The consumer staples have been rallying furiously over the past few weeks, and that's become a real head-scratcher for many. After all, this is a group that has shown very little growth, with multiple earnings cuts and nothing -- no hook, nor a story line to grab on to.
What's behind the move? What has the stock of Kraft Heinz Co. (KHC) jumping five points out of nowhere? How can General Mills (GIS) rally from $42 to $47 on nothing? How does a group with companies considered moribund go from being hated to loved?
Well, let's look at the recent turn of events:
- First, a series of very negative events recently pummeled the group. Prior to that, consumer staples had been buoyed by yield (the sector's stocks all pay above-average dividends).
- Second, these stocks began to have a series of very subpar quarters, where we started hearing about rising transportation costs and raw costs running rampant. We had previously been lulled into thinking that these companies had been benefiting from commodity tailwinds for ages.
- Third, investors' money was going elsewhere, fleeing toward domestic companies without a lot of China exposure. The industrials took it on the chin from this rotation, and so did consumer staples.
All of this prompted Credit Suisse to downgrade the group in May, saying that the sector had rising costs and little growth, so there were much better places to be. Then on May 17, Campbell Soup Co. (CPB) reported a totally God-awful quarter and fired CEO Denise Morrison, who had been trying to engineer a turnaround at the venerable soup-and -snack company.
That caused the entire group to be radically sold -- but also caused a bottom. And that's when the renaissance began.
I mark this change as starting with the earnings from PepsiCo (PEP) -- ironically, because the company announced early Monday morning that Indra Nooyi (one of my favorite CEOs) is retiring. Many hedge funds had bet against PEP in light of the fact that the soft-drink giant's previous quarter had been nothing to write home about. But that all changed when PEP's latest quarter reversed some negative trends, helped by better ad spending that staunched category losses to Coca-Cola (KO) . There's so much more to PepsiCo than its battle with Coke, but it often seems like that's all that people care about.
Second, the stock market is a remarkable place because it very quickly extrapolates bad news all across a given sector. So, the notion that transportation costs were an issue for consumer staples or that commodity costs could be a problem quickly became embedded in the sector's "narrative." Once that happens, you don't care all that much by the time the third or fourth company tells you about it. I guess you could call this "transportation-woe fatigue."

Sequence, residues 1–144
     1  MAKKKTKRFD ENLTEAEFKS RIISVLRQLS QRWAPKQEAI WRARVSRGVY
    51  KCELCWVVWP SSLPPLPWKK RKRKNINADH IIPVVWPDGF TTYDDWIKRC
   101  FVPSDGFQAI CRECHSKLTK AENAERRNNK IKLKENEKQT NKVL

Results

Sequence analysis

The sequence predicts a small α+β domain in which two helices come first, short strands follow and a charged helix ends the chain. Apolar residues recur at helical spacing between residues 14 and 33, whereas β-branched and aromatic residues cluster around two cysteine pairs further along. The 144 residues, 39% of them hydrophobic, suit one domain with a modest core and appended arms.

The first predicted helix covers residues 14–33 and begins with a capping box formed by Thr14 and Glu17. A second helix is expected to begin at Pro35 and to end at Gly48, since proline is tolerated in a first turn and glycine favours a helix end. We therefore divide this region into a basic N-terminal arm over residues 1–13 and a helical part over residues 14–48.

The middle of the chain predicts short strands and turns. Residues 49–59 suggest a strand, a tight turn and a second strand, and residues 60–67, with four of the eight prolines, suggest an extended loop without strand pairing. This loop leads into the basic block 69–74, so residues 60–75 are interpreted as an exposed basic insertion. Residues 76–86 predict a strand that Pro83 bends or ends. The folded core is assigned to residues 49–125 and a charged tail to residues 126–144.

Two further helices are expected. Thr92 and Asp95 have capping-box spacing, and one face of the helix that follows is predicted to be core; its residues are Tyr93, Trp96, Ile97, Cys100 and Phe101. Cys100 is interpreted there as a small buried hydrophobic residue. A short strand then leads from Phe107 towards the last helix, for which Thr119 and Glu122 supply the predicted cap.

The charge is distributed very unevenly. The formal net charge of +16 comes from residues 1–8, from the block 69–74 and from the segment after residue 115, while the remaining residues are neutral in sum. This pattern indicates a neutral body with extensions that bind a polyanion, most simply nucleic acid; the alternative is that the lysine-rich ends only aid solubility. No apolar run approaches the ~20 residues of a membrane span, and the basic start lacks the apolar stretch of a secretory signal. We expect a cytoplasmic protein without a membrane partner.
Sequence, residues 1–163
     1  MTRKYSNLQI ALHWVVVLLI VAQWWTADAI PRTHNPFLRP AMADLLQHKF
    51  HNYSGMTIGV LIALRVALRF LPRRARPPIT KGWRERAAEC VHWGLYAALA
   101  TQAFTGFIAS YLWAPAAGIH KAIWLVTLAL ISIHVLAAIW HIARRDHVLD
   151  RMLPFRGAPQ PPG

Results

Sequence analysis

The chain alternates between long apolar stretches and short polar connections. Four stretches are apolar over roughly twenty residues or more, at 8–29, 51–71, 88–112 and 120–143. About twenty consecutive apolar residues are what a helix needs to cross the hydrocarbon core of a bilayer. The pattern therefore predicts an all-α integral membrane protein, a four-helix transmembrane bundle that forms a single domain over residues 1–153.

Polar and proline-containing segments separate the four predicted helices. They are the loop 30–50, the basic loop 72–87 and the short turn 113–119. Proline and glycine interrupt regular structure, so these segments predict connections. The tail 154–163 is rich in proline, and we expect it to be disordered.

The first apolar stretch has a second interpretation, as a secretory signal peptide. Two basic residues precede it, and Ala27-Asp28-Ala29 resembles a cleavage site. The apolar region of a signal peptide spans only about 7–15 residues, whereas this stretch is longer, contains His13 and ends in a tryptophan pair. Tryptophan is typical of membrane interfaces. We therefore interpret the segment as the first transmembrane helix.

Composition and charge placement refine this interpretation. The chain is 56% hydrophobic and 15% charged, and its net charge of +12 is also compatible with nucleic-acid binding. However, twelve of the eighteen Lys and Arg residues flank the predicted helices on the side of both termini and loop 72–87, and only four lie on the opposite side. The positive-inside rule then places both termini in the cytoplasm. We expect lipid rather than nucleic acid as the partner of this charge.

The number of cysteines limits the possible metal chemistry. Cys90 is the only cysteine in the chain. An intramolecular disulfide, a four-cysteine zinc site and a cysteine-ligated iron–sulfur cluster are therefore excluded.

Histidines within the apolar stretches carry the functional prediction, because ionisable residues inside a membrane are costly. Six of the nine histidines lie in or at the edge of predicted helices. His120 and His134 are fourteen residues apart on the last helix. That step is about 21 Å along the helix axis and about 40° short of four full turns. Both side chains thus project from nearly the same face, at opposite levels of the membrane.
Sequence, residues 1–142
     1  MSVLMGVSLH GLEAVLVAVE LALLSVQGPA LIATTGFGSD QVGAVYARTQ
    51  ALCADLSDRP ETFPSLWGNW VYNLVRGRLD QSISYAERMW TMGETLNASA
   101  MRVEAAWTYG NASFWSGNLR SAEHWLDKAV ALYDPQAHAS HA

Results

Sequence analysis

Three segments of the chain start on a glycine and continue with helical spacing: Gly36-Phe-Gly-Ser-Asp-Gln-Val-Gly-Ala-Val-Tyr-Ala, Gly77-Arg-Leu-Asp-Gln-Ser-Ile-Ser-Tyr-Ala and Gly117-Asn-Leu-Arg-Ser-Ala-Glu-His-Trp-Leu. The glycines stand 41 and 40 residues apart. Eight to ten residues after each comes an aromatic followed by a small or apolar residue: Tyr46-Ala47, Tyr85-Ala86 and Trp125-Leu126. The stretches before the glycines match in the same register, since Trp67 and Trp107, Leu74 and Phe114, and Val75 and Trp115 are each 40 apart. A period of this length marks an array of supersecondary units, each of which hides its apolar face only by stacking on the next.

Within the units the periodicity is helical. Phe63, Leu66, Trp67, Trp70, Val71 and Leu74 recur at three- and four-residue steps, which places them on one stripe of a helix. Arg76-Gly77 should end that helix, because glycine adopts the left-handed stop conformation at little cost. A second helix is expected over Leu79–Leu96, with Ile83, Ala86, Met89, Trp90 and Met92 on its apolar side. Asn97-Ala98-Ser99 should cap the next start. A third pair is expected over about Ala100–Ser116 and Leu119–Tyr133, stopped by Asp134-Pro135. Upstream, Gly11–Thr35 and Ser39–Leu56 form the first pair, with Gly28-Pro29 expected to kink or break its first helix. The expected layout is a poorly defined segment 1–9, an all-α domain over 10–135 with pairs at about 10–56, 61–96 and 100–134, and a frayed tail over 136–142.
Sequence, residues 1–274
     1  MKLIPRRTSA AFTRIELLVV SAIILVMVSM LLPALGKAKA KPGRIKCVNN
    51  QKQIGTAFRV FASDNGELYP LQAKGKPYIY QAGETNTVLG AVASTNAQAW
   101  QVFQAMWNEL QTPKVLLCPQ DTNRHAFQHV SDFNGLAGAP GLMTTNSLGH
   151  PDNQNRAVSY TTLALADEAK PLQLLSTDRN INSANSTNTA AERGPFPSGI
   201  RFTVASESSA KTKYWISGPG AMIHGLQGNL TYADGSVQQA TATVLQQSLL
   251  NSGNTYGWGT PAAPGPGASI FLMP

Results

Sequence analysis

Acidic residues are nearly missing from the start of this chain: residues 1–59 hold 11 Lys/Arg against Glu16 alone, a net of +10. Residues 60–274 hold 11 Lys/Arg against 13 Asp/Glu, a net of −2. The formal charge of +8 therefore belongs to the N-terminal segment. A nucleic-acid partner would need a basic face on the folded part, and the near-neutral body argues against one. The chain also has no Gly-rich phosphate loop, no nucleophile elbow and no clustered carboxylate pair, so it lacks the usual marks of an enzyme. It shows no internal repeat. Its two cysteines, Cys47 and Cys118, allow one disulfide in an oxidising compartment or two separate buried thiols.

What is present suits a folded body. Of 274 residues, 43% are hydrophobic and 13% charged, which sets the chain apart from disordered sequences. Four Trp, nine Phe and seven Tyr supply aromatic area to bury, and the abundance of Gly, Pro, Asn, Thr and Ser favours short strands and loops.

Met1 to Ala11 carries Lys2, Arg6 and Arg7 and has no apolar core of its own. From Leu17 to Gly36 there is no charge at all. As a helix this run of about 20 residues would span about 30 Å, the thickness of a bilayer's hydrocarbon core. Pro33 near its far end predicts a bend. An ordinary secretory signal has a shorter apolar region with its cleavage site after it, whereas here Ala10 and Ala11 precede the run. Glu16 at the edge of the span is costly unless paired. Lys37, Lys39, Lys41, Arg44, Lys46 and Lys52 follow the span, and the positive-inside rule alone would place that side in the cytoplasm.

Third, the companies began to talk about how their lower U.S. corporate-income-tax bills have begun to impact their bottom lines. Even if business was just marginally better, the fact that their tax rates quickly went down (mostly to 21%) meant that companies had more money to spend, more money to acquire things with and more money for stock buybacks.
Then last week we got a call from Procter & Gamble (PG) that brought about a new mindset. P&G said it was going to put through price increases on its paper products to offset the raw costs. Most observers hasn't thought that anyone would try to raise prices, so the group seemed to be instantly re-rated upward -- including P&G, which saw its stock go up despite an acknowledged earnings disappointment.
Kimberly Clark (KMB) , which had been putting in a bottom, also suddenly took off, as it has the most to gain from PG raising prices. In fact, the whole group -- including Conagra Brands (CAG) , which had been hurt by a deal to buy Pinnacle Foods (PF) at what was thought to be too high a price -- emerged positively.
Then we got a one-two-three punch of good earnings from Kellogg (K) , Clorox (CLX) and Kraft Heinz. All three trounced earnings estimates and gave analysts reason to raise second-half numbers. All three also had miraculous cost control -- so great that they offset increases in raw costs. Additionally, all three talked about how business is back on track.
Their drumbeat was so loud that it allowed P&G's stock price to keep climbing despite earnings that missed the mark. In fact, the group has now experienced almost two months of stock-price increases.
Now, I do worry that just as we got a bottom on bad news from Campbell Soup, we might level out here with all of the good news spread among the group. The idea of returning to even the smallest growth possible before hitting zero is compelling, but I don't know if it's compelling enough to continue to propel the sector without more takeovers. They are richly priced, especially against stocks like Apple (AAPL) , a consumer-product company with a price-to-earnings ratio two clicks lower than the average consumer-product company.
How will we know if the consumer staples have peaked? Well, we'll need to see a round of overall upgrades -- a re-rating of the group up, just like we had a re-rating of the group downward by Credit Suisse near the bottom.
When that happens, exit and exit fast. After all, only PepsiCo has real earnings momentum, while Clorox has a serious turn ahead. But that said, I can't blame anyone from turning to this rather immune group for safety in a world of expensive stocks and an unsafe moment, with trade wars right in front of us.
(This column has been updated with the news that PepsiCo CEO Indra Nooyi is retiring.)